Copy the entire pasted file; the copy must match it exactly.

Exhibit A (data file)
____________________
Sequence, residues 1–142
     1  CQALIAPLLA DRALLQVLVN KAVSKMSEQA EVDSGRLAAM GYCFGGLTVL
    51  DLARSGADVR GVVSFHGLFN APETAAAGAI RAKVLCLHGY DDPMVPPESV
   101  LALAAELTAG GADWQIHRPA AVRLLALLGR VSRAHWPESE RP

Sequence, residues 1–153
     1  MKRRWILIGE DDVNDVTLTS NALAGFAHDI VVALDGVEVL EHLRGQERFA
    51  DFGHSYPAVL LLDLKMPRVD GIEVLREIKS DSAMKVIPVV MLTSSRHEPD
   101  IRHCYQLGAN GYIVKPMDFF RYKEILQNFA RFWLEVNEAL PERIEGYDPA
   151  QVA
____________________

Sequence, residues 1–142
     1  CQALIAPLLA DRALLQVLVN KAVSKMSEQA EVDSGRLAAM GYCFGGLTVL
    51  DLARSGADVR GVVSFHGLFN APETAAAGAI RAKVLCLHGY DDPMVPPESV
   101  LALAAELTAG GADWQIHRPA AVRLLALLGR VSRAHWPESE RP

Sequence, residues 1–153
     1  MKRRWILIGE DDVNDVTLTS NALAGFAHDI VVALDGVEVL EHLRGQERFA
    51  DFGHSYPAVL LLDLKMPRVD GIEVLREIKS DSAMKVIPVV MLTSSRHEPD
   101  IRHCYQLGAN GYIVKPMDFF RYKEILQNFA RFWLEVNEAL PERIEGYDPA
   151  QVA